The Masters: Scrutinising Augusta's traits for success

Exploding the myths of The Masters to help you find the winner. 

Andy Roberts's picture
Wed, 6 Apr 2022
masters 2017 exploding the myths of the masters

With Augusta staging The Masters every year, many of us like to think we know a thing or two about what is required to win a Green Jacket. 

From pummeling drives and holing the most putts to drawing the ball and acquiring experience, we take a closer look at some of the "common traits" to play well at Augusta and see just how true they really are.

You might be quite surprised.

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While it's not a guarantee for a Green Jacket, the added distance on this hallowed Georgia turf will certainly help in a player's bid to win The Masters this weekend. 

Dubbed by critics as "Tiger-proofing" and to combat the latest driver and golf ball technology, Augusta National has steadily been lengthened from 6,985 yards to 7,510 since 2001.

The latest 7,510-yard setup for the 2022 Masters is only 35 yards longer than the course measured in 2021. 

While we have seen shorter hitters buck the trend and win The Masters in the last 19 years such as Mike Weir (2003) and Zach Johnson (2007), the majority of champions are more often than not big hitters. 

Looking at the driving stats back in 2016, winner Danny Willett ranked tied 32nd with an average drive of 278.12 yards. Dustin Johnson, as expected, led the distance stat that week on 299.3 yards en route to finishing tied fourth. 

In 2017, Sergio Garcia ranked sixth in driving distance en route to his maiden major title, but 2018 champion Patrick Reed relied more on accuracy than distance as he ranked just inside the top 50 when it came to driving distance. 

Last year's winner Hideki Matsuyama averaged 288 yards from the tee at Augusta National, which was a similar position to Reed in 2018.

There is little rough at Augusta and the ice storm of February 2014 thinned out a lot of trees, meaning wayward drives are not overly punished. 

"I think guys like Dustin [Johnson], JB Holmes, Bubba Watson and Rory McIlroy, the usual suspects who really hit the ball long and far, have a distinct advantage coming into these greens," three-time Masters champion Phil Mickelson once said ahead of The Masters. 

"I'm going to be swinging as hard as I can. I won't be able to keep up with them, but hopefully I'll be able to keep it in the same zip code and have short irons into greens."

Mickelson is of course not playing this week after taking time out of the sport as a result of his controversial remarks made to golf biographer Alan Shipnuck. 

Sandy Lyle once warned it is not all about bombing the ball. "It's a patience game, and it's about getting the ball in the hole."

Verdict: Yes, big advantage for the bombers



On paper, a draw for a right hander and a fade for a left hander would seem to come in handy.

Eleven of the 18 holes at Augusta require a right-to-left shot shape off the tee, most notably at the par-four 10th and par-five 13th.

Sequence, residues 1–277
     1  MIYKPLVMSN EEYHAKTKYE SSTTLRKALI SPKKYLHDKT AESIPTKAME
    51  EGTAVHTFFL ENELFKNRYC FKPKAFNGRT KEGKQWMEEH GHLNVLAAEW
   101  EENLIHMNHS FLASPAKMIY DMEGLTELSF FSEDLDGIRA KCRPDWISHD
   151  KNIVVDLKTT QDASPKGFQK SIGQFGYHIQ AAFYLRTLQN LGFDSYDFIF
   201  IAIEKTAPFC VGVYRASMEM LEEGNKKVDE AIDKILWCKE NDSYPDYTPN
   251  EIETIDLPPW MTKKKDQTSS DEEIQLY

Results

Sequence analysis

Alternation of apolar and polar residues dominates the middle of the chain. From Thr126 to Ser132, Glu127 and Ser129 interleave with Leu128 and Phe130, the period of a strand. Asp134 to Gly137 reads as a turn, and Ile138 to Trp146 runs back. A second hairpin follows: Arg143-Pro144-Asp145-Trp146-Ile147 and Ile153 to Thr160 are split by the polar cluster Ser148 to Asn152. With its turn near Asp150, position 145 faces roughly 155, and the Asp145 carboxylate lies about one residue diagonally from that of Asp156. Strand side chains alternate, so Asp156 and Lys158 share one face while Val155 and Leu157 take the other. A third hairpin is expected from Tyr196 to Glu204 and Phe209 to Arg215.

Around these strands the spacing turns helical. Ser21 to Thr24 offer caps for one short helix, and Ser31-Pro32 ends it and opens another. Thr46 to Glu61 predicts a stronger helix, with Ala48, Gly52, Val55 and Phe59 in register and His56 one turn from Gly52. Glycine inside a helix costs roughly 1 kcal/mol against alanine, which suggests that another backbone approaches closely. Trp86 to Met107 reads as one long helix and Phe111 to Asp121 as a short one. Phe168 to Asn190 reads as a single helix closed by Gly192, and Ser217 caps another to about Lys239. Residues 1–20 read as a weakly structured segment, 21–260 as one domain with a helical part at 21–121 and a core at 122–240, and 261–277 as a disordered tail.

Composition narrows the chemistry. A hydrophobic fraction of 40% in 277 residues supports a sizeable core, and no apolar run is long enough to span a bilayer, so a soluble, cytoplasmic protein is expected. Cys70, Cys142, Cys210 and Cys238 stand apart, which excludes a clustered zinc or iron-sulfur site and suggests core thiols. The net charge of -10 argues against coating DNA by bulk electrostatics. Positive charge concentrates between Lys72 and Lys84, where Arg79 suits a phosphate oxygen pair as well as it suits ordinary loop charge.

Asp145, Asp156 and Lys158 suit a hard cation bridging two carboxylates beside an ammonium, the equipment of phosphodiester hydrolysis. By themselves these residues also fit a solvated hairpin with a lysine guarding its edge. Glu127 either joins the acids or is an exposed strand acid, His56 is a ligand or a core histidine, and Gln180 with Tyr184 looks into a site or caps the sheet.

A draw travels further than a fade, but the fade lands more softly so if you're long enough it's a potent weapon.

Garcia, who won here in 2017, is a natural drawer of the golf ball and he said that definitely worked in his favour en route to his maiden major title.

"My preferred shot shape is a draw, which came in very handy elsewhere during the Masters, especially on the par 5s, where I was 7-under for the week," said Garcia. 

Reed, the 2018 winner, is also a confident drawer of the ball, but he worked hard on being able to hit a fade during that season with coach Kevin Kirk.

Tiger Woods, who clinched his 15th career major title at the 2019 Masters, also favours a slight draw from the tee. 


Two-time Masters champion Bubba Watson hits his left-handed fade as well as anybody.

Add to that a deceptively vicious iron game and a creativity that nobody else can match, and you've got a perfect combination for a Masters champion.

"There are holes that hitting a cut makes it a lot easier," said fellow left-hander Mickelson.

"I think holes like 12, which is a very difficult par three, sits perfectly along a left-handed shot dispersion, short-left, long-right, so you aim at the middle of the green and you have a huge green to hit at.

"There's holes like that that sit better for left-handed players."

Bucking the trend of draw winners, record 18-time major winner Jack Nicklaus preferred a fade and won six Green Jackets, as too 2016 winner Willett.

Even Sir Nick Faldo won three Masters titles with a natural cut.

In short, being able to hit the ball both ways certainly gives you a major chance of victory this week. 

Verdict: A draw certainly helps, but a fade won't hurt you either 



The par-5s at Augusta (2, 8, 13 and 15) are the four easiest holes on the course and making the most of their scoring potential is often spoken about as one of the keys to winning The Masters.

Last year, Matsuyama made three eagles on the par-5 holes at Augusta en route to playing them all in 11-under par for the week. Given he finished the week on 10-under par, it is evident that the par-5s were crucial in him going on to become Japan's first-ever male major champion. 

In 2019, Woods played them in 8-under par en route to victory, while in 2018, Reed demolished them with eight birdies, six pars and two eagles to give him a strokes-gained edge of 7.95 strokes on the par-5s alone.

In 2017, Garcia played them in 7-under par and finished tied with Justin Rose on 9-under par after 72 holes, before going on to win the playoff. 

The par-5s did not do much for 2016 winner Willett though, who played them in just level par during his 5-under winning total. The Englishman parred the second every day, played the eighth in 1-under with a birdie on Sunday, played the 13th in level par with a bogey on Saturday and birdie on Sunday, and played the 15th in 1-over with a bogey on Saturday.